There is no shortage of concerning studies and articles about colony collapse disorder, the global phenomenon which has seen numbers of bees (and other pollinating insects) fall sharply in recent years. There are plenty of theories circulating – and most agree there is a range of factors contributing to the problem, including climate change, pesticide use, expanding human settlement, and disease – but no consensus when it comes to definite cause and effect.
“We are becoming immune to the many news reports of dropping pollinator numbers. People want to be presented with a clear problem and a definitive solution, but that is hard to do when we don’t yet fully understand the effects of our actions on insect populations,” said Dr Battison, commenting on her article on the topic in Statistics Views.
Shrinking bee numbers have prompted fears of food shortages, as more than a third of global food production relies on animal pollination, largely by honeybees. And recent research has suggested that the more dependent crops are on pollinators, the less stable their yields. In addition to fruit and vegetable crops, beef and dairy could also be affected, as feed crops like alfalfa and clover rely on bee pollination.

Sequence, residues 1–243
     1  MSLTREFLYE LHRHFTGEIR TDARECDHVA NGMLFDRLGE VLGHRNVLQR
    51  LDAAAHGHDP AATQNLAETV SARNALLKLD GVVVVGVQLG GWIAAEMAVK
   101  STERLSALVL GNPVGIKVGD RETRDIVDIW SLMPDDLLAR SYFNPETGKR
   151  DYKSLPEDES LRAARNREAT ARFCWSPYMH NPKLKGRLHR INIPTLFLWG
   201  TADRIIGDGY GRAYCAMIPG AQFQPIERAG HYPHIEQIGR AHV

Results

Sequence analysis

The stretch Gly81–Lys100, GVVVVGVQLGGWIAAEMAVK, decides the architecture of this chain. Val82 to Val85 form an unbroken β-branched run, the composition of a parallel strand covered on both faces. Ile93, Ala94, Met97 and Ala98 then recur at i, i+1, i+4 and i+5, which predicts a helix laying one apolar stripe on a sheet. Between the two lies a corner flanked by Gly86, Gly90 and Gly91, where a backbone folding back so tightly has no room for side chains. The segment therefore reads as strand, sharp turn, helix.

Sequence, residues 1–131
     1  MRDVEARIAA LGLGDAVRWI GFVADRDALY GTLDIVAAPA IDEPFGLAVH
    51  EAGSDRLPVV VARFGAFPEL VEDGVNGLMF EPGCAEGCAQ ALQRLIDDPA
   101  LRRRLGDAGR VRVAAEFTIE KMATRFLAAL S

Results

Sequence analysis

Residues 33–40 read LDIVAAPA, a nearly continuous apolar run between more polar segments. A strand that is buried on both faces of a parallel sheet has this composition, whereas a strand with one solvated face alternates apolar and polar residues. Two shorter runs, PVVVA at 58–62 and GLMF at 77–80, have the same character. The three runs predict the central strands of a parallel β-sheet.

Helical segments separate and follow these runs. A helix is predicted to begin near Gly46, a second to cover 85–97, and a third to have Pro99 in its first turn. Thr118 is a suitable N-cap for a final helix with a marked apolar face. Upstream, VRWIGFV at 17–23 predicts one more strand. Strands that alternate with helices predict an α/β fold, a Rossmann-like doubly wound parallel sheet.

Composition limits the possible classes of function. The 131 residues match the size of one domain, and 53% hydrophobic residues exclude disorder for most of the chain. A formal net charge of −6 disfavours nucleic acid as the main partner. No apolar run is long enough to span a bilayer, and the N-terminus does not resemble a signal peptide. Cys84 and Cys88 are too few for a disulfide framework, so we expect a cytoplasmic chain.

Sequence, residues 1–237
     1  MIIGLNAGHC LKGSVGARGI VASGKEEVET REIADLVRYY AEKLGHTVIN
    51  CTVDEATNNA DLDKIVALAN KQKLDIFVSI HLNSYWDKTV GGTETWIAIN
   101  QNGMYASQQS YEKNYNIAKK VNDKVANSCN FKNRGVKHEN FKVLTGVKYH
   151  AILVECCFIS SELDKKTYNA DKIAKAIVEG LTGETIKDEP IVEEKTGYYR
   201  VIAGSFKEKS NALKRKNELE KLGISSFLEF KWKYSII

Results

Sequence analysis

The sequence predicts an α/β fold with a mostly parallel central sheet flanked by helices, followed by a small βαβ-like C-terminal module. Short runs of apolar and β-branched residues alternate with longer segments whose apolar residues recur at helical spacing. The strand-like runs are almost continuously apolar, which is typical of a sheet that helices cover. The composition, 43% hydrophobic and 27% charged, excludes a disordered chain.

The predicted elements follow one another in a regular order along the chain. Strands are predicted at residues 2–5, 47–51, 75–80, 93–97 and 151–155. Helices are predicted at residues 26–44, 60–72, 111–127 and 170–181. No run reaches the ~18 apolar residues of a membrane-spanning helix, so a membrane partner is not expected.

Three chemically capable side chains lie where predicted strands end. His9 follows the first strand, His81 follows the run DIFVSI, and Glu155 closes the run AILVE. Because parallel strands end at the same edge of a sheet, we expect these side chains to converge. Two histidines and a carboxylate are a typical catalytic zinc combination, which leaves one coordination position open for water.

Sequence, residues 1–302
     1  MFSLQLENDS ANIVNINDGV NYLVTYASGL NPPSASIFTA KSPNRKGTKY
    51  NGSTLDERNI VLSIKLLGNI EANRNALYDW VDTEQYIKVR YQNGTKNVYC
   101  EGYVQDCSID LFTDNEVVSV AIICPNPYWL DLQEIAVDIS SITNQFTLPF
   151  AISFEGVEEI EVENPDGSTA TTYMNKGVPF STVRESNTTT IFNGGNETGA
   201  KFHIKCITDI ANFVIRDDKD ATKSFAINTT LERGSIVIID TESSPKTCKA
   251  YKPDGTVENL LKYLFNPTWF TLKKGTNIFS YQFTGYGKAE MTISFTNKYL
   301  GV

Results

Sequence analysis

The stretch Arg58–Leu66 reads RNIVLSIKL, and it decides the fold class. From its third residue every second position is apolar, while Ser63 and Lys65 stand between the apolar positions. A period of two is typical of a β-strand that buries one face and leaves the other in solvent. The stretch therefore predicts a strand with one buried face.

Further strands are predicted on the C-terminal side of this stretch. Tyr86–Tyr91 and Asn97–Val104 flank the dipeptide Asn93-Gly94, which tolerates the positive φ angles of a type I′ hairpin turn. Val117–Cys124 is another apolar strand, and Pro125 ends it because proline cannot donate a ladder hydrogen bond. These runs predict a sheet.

But even colony collapse disorder fails to completely explain their declining numbers.
In Europe, large solitary bumblebees are thought to contribute about €22bn a year to agriculture, but nearly a quarter face extinction, wrote Battison. Unaffected by colony collapse disorder, these bees are still at risk from agricultural changes and extreme weather.
“There is no definite course of action for policy-makers, while the voting public also crave simple links and simple solutions,” she wrote. “We are unable to say ‘Bees are killed by X, so we should stop X’, and so this critical threat to biodiversity and food security still advances unaddressed.
“It is clear that additional data and meta-analysis are required to isolate the most significant factors, and perhaps we should adopt a precautionary principle and take action to protect, not exploit, our planet’s biodiversity before we reach a point of no return for our overstretched insect workforce.”